As always, I am totally making up the vocabulary here to try to describe what's going on. I'm going to be referring to something I call cover layers. Think about the steps we need to take to stuff a banana down Kirk Cameron's mouth. The banana will fly near his mouth. Ideally, his mouth will open in anticipation. Then the banana disappears down the mouth. There are two basic ways we could make the banana disappear. We could do the super amateur version, where it appears in front of the mouth and then disappears in the next frame. But today, I'm going to aim higher, for the moderately amateur version. I want the banana to appear "in" the mouth, that is, behind the teeth. To do that, we need one more cover layers for the banana to disappear behind on the way down the mouth. Hopefully this will make sense as I go through this, but if shit gets confusing, one helpful thing to think of is how you would do this in real life with paper cutouts. Imagine having a Kirk cutout, a banana cutout, and then how you would need cutouts for the lips, and a "cover" for the banana to disappear behind. Each of those cutouts is a layer you need in Photoshop.
Why go to all this trouble just to make a banana appear behind Kirk Cameron's teeth for one frame in an animation no one will ever see? That's an issue you're going to have to come to terms with if you're going all the way, just a head's up.
Here we go. I'm starting with the Kirk layer, 3 banana layers, a hot pink background, and just the first frame of animation. First, let's make Kirk's mouth open. Take a look at this guy's mouth (zoomed in at 200%).
Now, think in terms of paper layers. For the mouth, we're going to need 3 new layers: 1) The bottom lip, stretched downward in an open mouth position, 2) a layer for the teeth and top lip, and 3) a black "emptiness" layer that will show when Kirk opens his mouth, and will be behind the top lip and bottom lip layers.
1) The bottom lip. Make sure you've selected the Kirk layer in the Layers Window. Using the lasso tool, draw a selection around the bottom lip. Here's mine:
It doesn't have to be perfect, but make sure you're not including the teeth, and also that your selection doesn't get too skinny up in the corners. Don't worry too much about your selection extending into the area below his mouth, because if it ends up causing a problem we can always fix it later.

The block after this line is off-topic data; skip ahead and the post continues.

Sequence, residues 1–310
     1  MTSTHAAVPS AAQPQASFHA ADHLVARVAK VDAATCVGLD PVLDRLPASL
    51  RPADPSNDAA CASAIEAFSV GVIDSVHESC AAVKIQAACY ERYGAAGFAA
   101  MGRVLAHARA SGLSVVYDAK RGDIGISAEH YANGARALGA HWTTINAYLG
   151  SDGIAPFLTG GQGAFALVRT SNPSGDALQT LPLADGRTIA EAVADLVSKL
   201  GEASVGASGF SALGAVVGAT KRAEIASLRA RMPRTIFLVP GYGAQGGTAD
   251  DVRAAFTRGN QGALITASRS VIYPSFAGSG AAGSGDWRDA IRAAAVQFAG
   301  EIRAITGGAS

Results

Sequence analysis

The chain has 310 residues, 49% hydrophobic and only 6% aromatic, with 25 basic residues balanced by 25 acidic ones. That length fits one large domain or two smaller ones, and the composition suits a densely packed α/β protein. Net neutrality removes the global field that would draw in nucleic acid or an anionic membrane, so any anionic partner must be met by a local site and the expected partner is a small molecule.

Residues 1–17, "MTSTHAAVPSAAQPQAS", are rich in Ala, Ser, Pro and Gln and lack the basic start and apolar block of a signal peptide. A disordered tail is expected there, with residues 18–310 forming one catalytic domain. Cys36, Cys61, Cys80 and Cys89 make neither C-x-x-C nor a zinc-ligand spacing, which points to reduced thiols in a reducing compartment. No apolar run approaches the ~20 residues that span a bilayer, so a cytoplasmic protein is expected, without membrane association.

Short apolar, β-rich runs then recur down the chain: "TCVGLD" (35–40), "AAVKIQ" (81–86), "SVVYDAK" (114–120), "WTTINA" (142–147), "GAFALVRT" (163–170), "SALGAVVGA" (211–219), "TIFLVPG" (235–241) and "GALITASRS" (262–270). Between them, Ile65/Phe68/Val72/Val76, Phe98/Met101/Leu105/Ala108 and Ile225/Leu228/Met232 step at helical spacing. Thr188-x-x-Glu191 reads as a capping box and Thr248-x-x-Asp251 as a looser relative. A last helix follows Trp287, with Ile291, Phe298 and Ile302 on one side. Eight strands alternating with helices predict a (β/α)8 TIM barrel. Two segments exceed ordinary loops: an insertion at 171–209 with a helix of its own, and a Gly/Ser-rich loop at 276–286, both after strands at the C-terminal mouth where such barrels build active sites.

Now, CTRL+C then CTRL+V to paste your selection into a new layer. Rename the new layer "Bottom", or whatever helps you to keep track. Also, Make sure you rename your main Kirk layer "MEGADOUCHE".
Now let's stretch his mouth downward. I'm going to use the Warp tool. Make sure your new "Bottom" layer is selected, and then use your Rectangular Marquee Tool (topleft in Tools) to select it. Now right click in the selected area and choose Free Transform. Right click in the same area AGAIN and choose Warp. If you haven't done so already, play around with the tool a little bit (looool) to get used to it. When you're done, you can always just hit escape to undo everything, or if you accidentally hit Enter and finalize the transformation, just Ctrl+Z to undo the action. You're free to warp it as you choose, of course, but here's what I did:
With the warp tool, there are 16 points on the grid you can move around. On the bottom row, I moved the two inside points down a little bit. On the second row from the bottom, I also moved the two inside points down a bit. That results, obviously, in the lip being pulled down, but it also leads to the top corners of the lips being pulled down along with it, annoyingly. To counteract that, I pulled a few of the top grid points up a little bit, so that the corner of the lips still come into contact with the top lips. In other words, make sure you're not totally breaking the mouth apart. Or in other other words, just play around with these grid points until you get an open mouth. Here's what I ended up with:
Now you can probably see why we need more "cover layers". iirc, when people open their mouths, they don't reveal a bunch of face skin inside their mouth. So let's create our second new layer, the dark emptiness inside the mouth. If Kirk Cameron gave this much thought, he would probably believe that the dark expanse inside the mouth is a symbol for the existential emptiness people feel before they accept JC into their lives. The flying banana represents JC's love and perfection, so when it flies into his mouth and it eliminates the doubt and the loneliness.
ANYWAY, let's create the empty darkness inside the mouth. Create a new layer by clicking on the Create New Layer button over in the Layers Window, and then rename the layer to whatever you like. Next, move the layer down in the order, so that it's below/behind the bottom lip layer. Finally, switch to the brush tool, change the color to black, and paint in the "open mouth" area that will appear whenever Kirk opens his stupid lips.